“I can see each and every one of you,” the pop princess declared from her stage extended above the crowd. “I can see every single person who comes to my shows. Don’t believe me? Look around.”
Looking around the massive stadium, I could see what Taylor meant. There were 60,000 individual dots of bright light. And I too could see every single person sharing this one-of-a-kind experience with me.
Taylor Swift, who began her music career at age 15, has catapulted to superstar status in just 10 years. She is the face of multiple product campaigns, a social media juggernaut with over 61 million followers on Twitter and over 39 million followers on Instagram, has released five platinum studio albums, and is undoubtedly a force of nature in the entertainment world, music industry, and popular culture.
It is no surprise that her most recent world tour, named for her album, 1989, released in October 2014, sold out stadiums in major cities on multiple nights. Her fans, known as Swifties, have come to expect the spectacular from the singer. Her previous tours have touted scenes far beyond singing into a microphone. The costumes, the set pieces, the background dancers, her intimate conversations with crowds of thousands, and her fierce dedication to creating show-stopping effects are the standard when paying higher-than-normal ticket prices for a precious seat at one of her shows.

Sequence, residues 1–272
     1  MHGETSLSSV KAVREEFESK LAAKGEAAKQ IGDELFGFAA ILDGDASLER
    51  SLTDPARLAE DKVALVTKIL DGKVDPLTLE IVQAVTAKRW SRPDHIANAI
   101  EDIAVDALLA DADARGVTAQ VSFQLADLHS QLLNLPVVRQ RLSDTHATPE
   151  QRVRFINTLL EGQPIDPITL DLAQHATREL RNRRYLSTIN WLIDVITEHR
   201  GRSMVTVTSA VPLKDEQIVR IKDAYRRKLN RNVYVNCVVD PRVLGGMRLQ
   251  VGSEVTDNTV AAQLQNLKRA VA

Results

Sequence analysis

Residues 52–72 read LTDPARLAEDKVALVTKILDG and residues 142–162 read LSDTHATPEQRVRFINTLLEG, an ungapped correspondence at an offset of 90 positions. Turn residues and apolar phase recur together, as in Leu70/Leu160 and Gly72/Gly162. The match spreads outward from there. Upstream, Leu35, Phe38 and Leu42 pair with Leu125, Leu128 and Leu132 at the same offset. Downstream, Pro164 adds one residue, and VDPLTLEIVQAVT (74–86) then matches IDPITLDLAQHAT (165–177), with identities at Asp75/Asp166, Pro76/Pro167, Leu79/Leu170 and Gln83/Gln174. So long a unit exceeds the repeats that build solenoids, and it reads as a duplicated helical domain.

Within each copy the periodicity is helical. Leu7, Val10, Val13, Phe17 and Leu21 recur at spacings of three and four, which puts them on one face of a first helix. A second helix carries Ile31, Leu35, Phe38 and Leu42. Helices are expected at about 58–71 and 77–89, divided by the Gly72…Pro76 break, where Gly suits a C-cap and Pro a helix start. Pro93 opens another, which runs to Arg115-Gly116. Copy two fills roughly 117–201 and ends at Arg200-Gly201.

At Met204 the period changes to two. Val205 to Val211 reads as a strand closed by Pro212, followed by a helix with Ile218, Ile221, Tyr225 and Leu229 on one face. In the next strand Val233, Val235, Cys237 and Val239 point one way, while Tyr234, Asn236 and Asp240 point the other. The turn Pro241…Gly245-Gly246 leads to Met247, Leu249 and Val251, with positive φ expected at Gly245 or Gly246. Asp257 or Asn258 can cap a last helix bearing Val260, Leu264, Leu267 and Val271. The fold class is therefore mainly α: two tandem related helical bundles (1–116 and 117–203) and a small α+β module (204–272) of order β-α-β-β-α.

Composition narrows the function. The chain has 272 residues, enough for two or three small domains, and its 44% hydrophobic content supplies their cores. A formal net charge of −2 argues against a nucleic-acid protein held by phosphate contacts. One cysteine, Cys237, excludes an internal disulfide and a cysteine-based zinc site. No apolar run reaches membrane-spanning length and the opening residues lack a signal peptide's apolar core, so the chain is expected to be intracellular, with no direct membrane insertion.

After such standards, the media, the world, and most importantly, her fans, speculated at what could make her 1989 tour even bigger and better. In-demand opening acts, special musical guests, and appearances from her famous best friends have heightened the experience, but the element of light has taken the 1989 tour beyond anything anyone was expecting.
Most concerts use lights on stage and create transcendent shows around the performer. But at the 1989 World Tour, light was put in the hands of the audience. Translucent rubber bracelets embedded with LEDs were given to every ticket holder. They were programmed to flash and change color in sync with the show. Suddenly the show became personal. The audience felt connected to Taylor in a platform her tours had never provided before.
As the song “Welcome to New York” blasted through the speakers and the excitement rippled through the crowd, the bracelets emanated a bright white light. The show began, Taylor emerged onto the stage, and the audience came to life.
During songs with intense beats, like “Bad Blood” and “Blank Space,” the bracelets pulsed with red beams. And when Taylor slowed it down for her classic “Fifteen,” the light of the bracelets perfectly matched the blue light glowing around her runway stage. For some songs, the bracelets glittered in different colors all around making the stadium look like it was full of multi-colored fireflies.
The star herself even incorporated light beyond audience-blinders or spotlights on stage. During the song “How You Get the Girl,” Taylor dons a pink skirt and top with LED nodes inside. Towards the musical arc of the song, the lights go off and all the audience sees is a dress of light dancing around the stage.
The light of the 1989 tour transported the audience to another level of concert-going. With such high expectations of Miss Swift, just the simple addition of personal participation elevated the experience of a Taylor Swift concert yet again.